SEO Audit – How to Fix Your Website’s Technical SEO Issues (Tutorial)

I’m going to help you find technical issues on any website. And so we’re going to focus on a workflow using a site audit tool. If you’re already in the user, you can follow along step by step, pause and resume the routine.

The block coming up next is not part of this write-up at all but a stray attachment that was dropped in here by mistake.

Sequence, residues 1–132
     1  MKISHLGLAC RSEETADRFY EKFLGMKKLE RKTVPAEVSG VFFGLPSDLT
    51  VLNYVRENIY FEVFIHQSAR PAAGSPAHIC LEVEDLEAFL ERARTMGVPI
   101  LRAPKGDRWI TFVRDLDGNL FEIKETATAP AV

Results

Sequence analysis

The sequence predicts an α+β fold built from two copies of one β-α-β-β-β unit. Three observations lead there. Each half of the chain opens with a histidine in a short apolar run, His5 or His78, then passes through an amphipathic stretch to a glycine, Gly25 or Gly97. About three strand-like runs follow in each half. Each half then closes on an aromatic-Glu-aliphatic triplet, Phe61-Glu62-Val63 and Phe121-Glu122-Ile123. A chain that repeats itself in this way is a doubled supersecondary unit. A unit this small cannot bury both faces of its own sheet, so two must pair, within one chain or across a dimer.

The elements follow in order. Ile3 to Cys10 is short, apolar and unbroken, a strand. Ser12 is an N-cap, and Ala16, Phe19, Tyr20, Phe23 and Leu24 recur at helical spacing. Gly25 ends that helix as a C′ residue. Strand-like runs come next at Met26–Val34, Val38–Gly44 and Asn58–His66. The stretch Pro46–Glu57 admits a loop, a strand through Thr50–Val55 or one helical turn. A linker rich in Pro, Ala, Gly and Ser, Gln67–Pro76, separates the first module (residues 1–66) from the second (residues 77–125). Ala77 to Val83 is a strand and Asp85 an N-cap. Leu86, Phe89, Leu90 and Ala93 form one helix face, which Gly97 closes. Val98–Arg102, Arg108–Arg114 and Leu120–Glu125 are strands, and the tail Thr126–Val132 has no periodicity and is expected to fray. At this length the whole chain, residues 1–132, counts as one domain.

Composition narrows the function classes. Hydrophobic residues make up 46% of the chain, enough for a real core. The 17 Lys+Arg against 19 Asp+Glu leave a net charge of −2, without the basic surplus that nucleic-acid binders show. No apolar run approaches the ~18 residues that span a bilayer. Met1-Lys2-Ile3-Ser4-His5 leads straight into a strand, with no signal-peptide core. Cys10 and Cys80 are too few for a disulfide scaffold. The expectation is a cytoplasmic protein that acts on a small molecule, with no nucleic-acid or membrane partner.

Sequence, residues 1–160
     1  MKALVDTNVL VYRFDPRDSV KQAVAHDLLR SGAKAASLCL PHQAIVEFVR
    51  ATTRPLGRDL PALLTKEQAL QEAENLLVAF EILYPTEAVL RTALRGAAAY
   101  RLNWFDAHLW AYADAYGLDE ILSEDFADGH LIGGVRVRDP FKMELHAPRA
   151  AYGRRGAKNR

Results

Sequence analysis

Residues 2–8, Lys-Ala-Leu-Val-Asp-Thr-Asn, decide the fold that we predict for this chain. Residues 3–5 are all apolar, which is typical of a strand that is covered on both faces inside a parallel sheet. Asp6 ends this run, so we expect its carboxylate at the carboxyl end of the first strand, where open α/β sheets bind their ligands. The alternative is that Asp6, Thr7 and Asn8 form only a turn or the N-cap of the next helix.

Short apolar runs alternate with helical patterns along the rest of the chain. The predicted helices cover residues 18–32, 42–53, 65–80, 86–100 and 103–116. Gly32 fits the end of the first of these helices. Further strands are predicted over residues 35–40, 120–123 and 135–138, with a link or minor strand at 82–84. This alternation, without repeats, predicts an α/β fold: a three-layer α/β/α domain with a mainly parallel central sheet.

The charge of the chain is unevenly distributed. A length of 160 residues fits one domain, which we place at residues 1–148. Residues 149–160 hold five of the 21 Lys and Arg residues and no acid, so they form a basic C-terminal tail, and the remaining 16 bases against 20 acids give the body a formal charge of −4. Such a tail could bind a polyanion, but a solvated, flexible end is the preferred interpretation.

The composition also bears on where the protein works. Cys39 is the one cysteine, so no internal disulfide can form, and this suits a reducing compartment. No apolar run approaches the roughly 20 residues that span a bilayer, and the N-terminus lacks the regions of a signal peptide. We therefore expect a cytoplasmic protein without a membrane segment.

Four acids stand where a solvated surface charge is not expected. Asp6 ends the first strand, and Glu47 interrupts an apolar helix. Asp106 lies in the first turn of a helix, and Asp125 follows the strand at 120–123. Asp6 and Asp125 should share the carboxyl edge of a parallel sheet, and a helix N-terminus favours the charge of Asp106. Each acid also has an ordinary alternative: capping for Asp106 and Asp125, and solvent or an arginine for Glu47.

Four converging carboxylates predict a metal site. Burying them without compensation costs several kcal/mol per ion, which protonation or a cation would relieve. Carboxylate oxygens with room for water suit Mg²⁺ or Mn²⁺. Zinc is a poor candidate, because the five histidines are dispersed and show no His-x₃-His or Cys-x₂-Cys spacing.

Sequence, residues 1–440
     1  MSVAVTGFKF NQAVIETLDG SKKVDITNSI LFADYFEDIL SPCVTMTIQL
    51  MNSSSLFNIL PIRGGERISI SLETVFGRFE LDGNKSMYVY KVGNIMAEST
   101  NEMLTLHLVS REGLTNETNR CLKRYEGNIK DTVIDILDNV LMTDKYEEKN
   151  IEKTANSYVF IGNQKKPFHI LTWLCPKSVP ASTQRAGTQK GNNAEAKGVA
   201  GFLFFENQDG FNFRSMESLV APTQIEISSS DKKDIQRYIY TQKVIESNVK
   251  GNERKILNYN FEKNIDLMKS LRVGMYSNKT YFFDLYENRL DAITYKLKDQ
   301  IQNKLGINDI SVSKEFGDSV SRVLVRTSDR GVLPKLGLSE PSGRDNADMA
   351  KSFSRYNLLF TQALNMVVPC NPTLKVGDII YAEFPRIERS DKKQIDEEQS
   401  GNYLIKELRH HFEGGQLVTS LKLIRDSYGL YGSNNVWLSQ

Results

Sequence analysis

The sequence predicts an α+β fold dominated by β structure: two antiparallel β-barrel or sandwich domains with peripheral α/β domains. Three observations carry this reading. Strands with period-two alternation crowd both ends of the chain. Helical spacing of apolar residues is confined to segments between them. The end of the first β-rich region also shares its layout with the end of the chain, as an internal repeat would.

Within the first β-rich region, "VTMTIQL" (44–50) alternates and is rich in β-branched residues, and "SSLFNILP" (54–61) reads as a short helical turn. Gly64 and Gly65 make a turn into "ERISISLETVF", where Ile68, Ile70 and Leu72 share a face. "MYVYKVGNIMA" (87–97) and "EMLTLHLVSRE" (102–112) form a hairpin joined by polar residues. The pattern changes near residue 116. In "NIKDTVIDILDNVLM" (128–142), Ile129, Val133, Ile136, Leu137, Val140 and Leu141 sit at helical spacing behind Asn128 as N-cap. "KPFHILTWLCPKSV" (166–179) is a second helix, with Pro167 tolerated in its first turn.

So first you’ll need to go to a site audit tool. If this is your first project, then you’ll see an option to create a new project right in the middle of the screen entering your domain. For now, I’ll be doing an audit on pro blogger dot com. For our example here, you’ll need to set your seeds and scope. So first is scope, which is basically the boundaries of which you want to crawl your site, since we’ll be focusing on a basic audit and we’ll set our scope as pro bloggers entire domain, which includes their subdomains too. But you can do an audit on just subdomains of folders or even an exact URL if you wanted to. You’ll see at the bottom of the screen that iTrust validates the URL. So you want to make sure that you get a two hundred response code before moving on to the next step. This section down here are where seeds are, the seeds are the euros or the URL where iTrust will begin its crawl. There are a few options you can choose from here, like the specified URL. So in this case, pro bloggers homepage, you can also choose to have your crawl start from your URLs that have back links from site maps or from your own custom list of URLs. And since we’re keeping things simple, we’ll start from their home page. It’s important to note that your seats must be within your scope. So a common example might be if you have a blog on your main domain and you run a Shopify store on a subdomain like pro.rulership.com. Now, if you wanted to isolate your order to your store only and you set your scope as Stordahl domain dotcom and then you said your seem to have a custom URL of the homepage or site maps of your domain, then your seats would be out of scope and the crawl would actually never start. All right. So click the next button and you’ll have the option to verify your website. Verifying your website is similar to how you would do it with Google search console. So in short, the benefit is that you have your website crawl faster and you get access to some advanced features, but you don’t have to do this to run a site on it. So for now, we’re just going to click next, which will take us to the crawl settings. Now, a lot of these settings are self-explanatory. The one that I do want to recommend and touch on is the execute JavaScript option. By setting this on, it allows site on it to analyze pages and links that depend on JavaScript, which will result in the most accurate website audit.